COL. WARREN: It really varies wildly, frankly. I think, you know, I've got to get that number for you. We do have some of those numbers but I'll tell you, they just happen to vary significantly, just based on what's going on. Over the last -- I can say, over the last month or so, we've gotten about 900 police officers and roughly two brigades through training. But this was the most training that we've had -- most graduates that we've had in a month.

But you know, there's been weeks or months when it was significantly less. It has to do with everything from, the operational tempo on the battlefield, to what else is happening in Iraq, if there's a pilgrimage or something going on, that the forces are needed to provide security for. So it's really isn't a clean line on that right now.

But, we've been very satisfied recently of this steady -- and when first started a year and change ago, it was definitely in fits and starts. All right. We had a hard time getting enough troops, enough Iraqi troops through the training. And you know, there was much discussion about through put.

Thorough put is not an issue for us now. We're operating -- maybe not at 100 capacity, but we're operating at full capacity. So, we're satisfied with the thorough put.

Anybody?

Q: Are you going to have finished your work on how many trainers are needed in time for Carter's meeting with defense ministers? And second, is the concept that operations in the Anbar corridor and operations to retake Mosul would be consecutive or simultaneous?

COL. WARREN: So the -- no, we'll probably not finish before the secretary's meeting. But, you know, it's an iterative process right? It's a continuous back and forth. So, you know, we're always -- from here, we're always talking with Washington. And we're able to give them a sense for specifically, you know, what direction they should push and where they should go.

On simultaneous or sequential operations, you know, that a lot of that is what the Iraqi army will decide. You know, we've given them advice on how we believe that ought to go. I think we need to keep that one private cause we sort of want to protect some of that information. I think the enemy is probably paying good attention to our intent. So we want to keep some of that to ourselves.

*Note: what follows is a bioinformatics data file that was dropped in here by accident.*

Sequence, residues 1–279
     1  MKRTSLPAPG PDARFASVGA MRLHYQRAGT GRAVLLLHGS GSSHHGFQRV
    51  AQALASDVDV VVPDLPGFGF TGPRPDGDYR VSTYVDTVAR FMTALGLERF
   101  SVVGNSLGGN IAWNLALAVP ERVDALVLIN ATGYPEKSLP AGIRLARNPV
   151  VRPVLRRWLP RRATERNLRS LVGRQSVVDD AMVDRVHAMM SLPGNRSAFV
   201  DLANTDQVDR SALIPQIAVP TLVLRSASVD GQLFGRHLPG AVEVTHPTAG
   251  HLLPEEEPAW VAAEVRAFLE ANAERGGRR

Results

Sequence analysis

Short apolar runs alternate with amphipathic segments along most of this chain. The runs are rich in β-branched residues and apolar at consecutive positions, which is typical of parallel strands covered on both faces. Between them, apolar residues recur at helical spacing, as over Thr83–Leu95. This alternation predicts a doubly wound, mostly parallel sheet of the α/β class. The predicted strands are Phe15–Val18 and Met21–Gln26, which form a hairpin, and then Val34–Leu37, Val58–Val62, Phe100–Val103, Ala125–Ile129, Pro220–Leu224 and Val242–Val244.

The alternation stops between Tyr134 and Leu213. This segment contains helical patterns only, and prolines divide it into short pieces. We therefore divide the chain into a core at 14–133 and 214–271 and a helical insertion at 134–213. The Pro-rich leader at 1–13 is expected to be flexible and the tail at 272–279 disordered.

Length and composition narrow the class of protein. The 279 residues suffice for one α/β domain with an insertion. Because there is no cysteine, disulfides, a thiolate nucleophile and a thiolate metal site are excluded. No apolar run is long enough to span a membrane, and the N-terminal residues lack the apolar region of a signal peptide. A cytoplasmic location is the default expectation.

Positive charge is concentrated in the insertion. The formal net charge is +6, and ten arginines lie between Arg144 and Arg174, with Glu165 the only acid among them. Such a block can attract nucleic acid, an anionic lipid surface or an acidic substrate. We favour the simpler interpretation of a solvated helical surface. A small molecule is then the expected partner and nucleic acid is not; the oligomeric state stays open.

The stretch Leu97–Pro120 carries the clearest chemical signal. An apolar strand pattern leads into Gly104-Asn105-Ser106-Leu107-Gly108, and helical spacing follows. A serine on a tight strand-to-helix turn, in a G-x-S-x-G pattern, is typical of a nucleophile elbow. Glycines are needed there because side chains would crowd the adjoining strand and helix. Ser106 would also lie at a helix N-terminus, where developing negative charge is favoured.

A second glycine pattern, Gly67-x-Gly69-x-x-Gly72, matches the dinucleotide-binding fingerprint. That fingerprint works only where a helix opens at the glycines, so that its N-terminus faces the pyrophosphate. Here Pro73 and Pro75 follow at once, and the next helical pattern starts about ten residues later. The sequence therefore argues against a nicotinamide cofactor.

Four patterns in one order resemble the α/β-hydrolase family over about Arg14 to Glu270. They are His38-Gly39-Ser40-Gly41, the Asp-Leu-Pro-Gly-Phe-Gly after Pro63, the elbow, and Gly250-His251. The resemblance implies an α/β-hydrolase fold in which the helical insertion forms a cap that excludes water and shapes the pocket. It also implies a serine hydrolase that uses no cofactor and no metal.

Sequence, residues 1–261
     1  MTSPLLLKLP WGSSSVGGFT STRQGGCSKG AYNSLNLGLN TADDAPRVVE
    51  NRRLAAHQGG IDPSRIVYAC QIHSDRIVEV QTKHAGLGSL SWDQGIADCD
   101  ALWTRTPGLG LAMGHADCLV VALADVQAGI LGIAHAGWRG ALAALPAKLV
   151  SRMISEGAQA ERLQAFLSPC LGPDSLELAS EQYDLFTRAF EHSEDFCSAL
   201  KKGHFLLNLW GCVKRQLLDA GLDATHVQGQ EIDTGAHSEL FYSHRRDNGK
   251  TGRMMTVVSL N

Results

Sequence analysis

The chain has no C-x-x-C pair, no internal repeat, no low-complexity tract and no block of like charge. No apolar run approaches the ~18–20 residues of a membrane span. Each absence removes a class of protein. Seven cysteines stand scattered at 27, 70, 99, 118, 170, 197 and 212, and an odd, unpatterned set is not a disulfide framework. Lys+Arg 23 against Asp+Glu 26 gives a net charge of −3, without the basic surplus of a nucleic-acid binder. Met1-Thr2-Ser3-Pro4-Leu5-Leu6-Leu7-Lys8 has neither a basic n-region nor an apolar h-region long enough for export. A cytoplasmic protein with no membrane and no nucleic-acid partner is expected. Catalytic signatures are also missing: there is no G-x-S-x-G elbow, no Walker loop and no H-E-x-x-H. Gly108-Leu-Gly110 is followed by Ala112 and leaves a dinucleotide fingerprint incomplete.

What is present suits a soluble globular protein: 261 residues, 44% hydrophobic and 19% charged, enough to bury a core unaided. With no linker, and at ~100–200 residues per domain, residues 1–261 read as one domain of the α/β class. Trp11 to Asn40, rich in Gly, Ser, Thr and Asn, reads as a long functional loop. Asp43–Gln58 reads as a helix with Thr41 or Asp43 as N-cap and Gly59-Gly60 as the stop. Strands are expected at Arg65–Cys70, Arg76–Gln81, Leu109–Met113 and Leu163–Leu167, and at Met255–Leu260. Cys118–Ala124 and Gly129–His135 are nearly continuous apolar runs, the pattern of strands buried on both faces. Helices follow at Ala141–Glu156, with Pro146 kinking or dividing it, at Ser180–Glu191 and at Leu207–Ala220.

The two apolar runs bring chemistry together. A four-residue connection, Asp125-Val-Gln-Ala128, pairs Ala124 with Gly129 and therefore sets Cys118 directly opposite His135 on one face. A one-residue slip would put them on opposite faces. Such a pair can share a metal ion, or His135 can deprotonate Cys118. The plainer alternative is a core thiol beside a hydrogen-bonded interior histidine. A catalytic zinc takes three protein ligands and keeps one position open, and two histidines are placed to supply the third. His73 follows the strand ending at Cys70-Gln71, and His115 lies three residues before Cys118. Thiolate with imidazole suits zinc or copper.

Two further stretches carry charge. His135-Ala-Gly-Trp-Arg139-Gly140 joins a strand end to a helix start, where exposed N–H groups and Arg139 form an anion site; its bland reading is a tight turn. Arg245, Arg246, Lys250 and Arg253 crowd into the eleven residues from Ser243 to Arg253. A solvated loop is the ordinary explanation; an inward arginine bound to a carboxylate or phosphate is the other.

Understand this I think, the most important things is that our fundamental concept is to be place simultaneous pressure on this enemy across the entire battlefield, the depth and breadth of this battlefield. So that's our going in principle, right? Keep pressure on this enemy, all the time, everywhere.

Because that forces them to have to make very difficult decisions. So, I'm not going to specifically talk about whether or not it's going to be a sequential or simultaneous operation to take Mosul and to pressure to Anbar corridor. But what I will tell you is, our fundamental technique is operationalization of the battlefield. So keep pressure across everything all the time.

CAPT. DAVIS: Kristina?

Q: Hi, Steve. It's Kristina.

Back on the 10 brigades for the Mosul offensive. I think last week you said two would be Peshmerga. Would the rest be regular ISF? What would the rest look like? And how many of them received some training? And how many of them would -- you know, are not trained? How many Sunni tribal forces would be needed? And how many police? And how long does it take to get a brigade trained from scratch?

COL. WARREN: So, it takes eight weeks to get a brigade trained from scratch. The disposition of forces on the battlefield -- so, how many police, how many pesh, how many CTS, how many everything. These are all part of the plan that's in development by the government of Iraq. So the answer to your question doesn't exist yet.

The government of Iraq is continuing their planning process, you know, analyzing the battlefield, analyzing the enemy situation, taking into account the expected degradation of the enemy based on our airstrikes, et cetera, taking into account the advice that we give them based on the pressure that we're able to place on the enemy in Syria. So all of these factors have to come into play as the Iraqis kind of develop their scheme of maneuver on the ground.

So there isn't an answer to your question yet. It's part of the plan.

Q: You estimated 10 so far. I -- I think you did say two would be peshmerga, right? So then would the rest -- what's the rest envisioned to be?

COL. WARREN: So the -- the rest will be, you know, determined by the Iraqi government's decision process, right? So they haven't -- they haven't decided that yet. They're working with us. We're advising them. We're giving them some -- some, I think, good advice. But -- but they haven't been able to determine it yet because they've got other factors that they have to worry about as well.